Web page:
Level 1 features can be computed from the first packet, e.g., the service. Level 2 features can be computed at any point during the life of the connection, e.g., the connection state (SYN WAIT, CONNECTED, FIN WAIT, etc.). Level 3 features can be computed at the end of the connection, using only information about the connection being examined, e.g., the total number of bytes sent from source to destination.
Level 4 features can be computed at the end of the connection, but require access to data of potentially many other prior connections. These are the temporal and statistical features and are the most costly to compute. In order to conveniently estimate the cost of a rule, we assign a cost of 1 to the level 1 features, 5 to the level 2 features, 10 to level 3, and 100 to level 4. These cost assignments are very close to the actual measurements we have obtained via extensive real-time experiments. However, we have found that the cost of computing level 4 features is linearly dependent on the amount of connections being monitored by the IDS within the time window used for computation, as they require iteration of the complete set of recent connections. In this section, we discuss approaches to reduce computational cost and improve the efficiency of the real-time intrusion detection models. In Section 3.1, we describe our techniques for cost-sensitive modeling. In Section 3.2, we discuss a real¬time system for implementing distributed feature computation for evaluating multiple cost-sensitive models.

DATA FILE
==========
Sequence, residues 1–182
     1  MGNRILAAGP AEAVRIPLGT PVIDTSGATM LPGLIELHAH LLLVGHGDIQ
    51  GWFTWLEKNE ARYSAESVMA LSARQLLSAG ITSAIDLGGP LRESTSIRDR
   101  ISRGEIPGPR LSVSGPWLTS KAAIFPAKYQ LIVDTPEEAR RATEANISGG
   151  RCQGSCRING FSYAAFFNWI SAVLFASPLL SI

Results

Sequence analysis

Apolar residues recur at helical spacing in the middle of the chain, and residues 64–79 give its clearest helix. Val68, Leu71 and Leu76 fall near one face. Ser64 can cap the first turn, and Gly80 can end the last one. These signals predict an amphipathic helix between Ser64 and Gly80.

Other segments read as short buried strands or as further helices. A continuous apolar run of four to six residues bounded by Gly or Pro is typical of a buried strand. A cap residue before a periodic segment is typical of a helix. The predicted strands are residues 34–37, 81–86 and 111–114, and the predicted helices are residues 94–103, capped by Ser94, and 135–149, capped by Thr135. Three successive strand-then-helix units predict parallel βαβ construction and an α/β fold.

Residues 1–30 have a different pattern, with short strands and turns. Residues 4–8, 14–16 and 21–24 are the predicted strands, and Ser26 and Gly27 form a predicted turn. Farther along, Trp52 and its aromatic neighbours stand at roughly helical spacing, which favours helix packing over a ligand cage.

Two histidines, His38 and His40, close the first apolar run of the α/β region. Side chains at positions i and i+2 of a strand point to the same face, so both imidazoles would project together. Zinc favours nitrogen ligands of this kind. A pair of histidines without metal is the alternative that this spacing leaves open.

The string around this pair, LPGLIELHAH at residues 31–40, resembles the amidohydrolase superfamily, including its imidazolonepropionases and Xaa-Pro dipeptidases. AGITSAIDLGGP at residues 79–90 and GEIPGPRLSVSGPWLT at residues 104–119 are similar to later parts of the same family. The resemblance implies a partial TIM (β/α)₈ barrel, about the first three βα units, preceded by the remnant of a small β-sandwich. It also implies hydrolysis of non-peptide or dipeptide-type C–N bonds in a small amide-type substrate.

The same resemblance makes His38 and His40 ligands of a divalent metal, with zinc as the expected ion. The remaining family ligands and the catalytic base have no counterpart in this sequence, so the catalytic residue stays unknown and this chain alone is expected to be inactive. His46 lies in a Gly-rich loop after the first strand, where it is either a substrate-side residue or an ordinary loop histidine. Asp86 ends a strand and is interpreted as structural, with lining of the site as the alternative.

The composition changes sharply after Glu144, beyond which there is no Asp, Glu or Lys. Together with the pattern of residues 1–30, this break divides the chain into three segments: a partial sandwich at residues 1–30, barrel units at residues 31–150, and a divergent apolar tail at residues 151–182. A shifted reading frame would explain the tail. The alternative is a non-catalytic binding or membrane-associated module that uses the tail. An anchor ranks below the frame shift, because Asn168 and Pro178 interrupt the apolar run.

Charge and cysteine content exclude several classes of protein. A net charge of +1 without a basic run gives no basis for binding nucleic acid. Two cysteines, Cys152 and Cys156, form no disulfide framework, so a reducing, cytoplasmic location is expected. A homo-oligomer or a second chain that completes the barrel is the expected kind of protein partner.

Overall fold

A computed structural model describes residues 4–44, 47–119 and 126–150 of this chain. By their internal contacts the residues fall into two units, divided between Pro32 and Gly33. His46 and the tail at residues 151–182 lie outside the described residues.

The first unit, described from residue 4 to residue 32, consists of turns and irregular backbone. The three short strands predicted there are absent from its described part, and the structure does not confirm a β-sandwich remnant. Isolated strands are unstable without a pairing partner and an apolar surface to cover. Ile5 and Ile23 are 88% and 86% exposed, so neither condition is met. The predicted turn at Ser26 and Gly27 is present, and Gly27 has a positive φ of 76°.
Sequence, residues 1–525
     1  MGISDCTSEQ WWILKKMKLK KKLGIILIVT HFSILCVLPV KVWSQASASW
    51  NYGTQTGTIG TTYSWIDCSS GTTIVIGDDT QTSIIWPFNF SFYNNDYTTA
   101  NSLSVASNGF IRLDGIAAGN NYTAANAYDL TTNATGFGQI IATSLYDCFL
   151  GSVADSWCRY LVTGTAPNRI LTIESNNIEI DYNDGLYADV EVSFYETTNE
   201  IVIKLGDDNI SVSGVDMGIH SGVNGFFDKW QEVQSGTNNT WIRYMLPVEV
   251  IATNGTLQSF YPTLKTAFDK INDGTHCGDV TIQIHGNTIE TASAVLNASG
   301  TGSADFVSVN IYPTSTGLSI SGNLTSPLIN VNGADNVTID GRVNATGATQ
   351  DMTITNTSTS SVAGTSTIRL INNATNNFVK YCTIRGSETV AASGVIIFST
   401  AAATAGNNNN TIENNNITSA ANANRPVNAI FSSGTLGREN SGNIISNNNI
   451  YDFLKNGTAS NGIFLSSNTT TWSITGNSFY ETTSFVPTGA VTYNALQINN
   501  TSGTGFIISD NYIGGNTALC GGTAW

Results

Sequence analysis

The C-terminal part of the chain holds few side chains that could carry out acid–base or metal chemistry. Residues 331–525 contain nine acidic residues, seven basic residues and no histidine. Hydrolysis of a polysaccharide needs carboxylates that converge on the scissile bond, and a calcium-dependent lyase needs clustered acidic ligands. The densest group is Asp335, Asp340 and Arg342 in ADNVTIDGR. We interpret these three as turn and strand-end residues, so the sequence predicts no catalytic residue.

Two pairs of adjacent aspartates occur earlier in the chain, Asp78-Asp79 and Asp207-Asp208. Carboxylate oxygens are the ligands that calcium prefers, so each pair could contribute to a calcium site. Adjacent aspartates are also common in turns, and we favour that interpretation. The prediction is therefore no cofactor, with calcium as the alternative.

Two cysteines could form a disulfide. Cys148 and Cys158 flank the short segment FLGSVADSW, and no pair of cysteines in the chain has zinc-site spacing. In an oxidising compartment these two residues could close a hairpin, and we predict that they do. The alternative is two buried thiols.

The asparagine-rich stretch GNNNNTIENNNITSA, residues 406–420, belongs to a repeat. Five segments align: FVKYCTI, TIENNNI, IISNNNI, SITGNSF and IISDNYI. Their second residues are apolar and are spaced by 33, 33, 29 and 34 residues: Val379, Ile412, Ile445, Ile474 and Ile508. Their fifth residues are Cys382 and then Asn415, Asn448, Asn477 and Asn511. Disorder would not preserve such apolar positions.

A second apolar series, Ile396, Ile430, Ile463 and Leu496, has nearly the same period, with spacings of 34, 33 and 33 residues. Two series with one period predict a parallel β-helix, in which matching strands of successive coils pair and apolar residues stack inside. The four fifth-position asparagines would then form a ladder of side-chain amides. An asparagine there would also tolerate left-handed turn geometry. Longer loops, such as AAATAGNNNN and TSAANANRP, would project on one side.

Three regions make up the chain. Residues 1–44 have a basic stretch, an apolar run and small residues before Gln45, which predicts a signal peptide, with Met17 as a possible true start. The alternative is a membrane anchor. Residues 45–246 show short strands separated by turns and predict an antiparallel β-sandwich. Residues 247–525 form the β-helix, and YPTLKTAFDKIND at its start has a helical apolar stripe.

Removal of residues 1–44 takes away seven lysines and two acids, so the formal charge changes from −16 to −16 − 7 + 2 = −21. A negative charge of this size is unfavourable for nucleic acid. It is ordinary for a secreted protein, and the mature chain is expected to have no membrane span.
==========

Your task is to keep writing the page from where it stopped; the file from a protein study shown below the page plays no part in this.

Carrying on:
3.1 Cost Sensitive Modeling

In order to reduce the computational cost of an IDS, detection rules need to use low cost features as often as possible while maintaining a desired accuracy level. We propose a multiple ruleset approach in which each ruleset uses features from different cost levels. Low cost rules are always evaluated first by the IDS, and high cost rules are used only when low cost rules cannot predict with sufficient accuracy.In the domain of network intrusion detection, we use four different levels of costs to compute features, as discussed in Section 3. Features of costs 1, 5, and 10 are computed individually and features of costs 100 can be computed in a single lookup of all the connections in the past seconds. With the above costs and goals in mind, we use the following multiple ruleset approach: We first generate multiple training sets ... using different
feature subsets. ... uses only cost 1 features uses features of costs 1 and 5, and so forth, up to .. ,
which uses all available features. Rulesets ._ are learned using their respective training sets. . . is learned as an ordered ruleset2 for its efficiency, as it may contain the most costly features are learned as un-ordered rulesets3, as they will contain accurate rules for classifying connections. Measurement .. 4 is computed for everyrule, .except for the rules.A threshold value ... is obtained for every single class which determines the tolerable precision required in order for a classification to be made by any ruleset except for .In real-time execution, the feature computation and rule evaluation proceed as follows: All cost 1 features used in . .are computed for the connection being examined. . . is then evaluated and a prediction is made.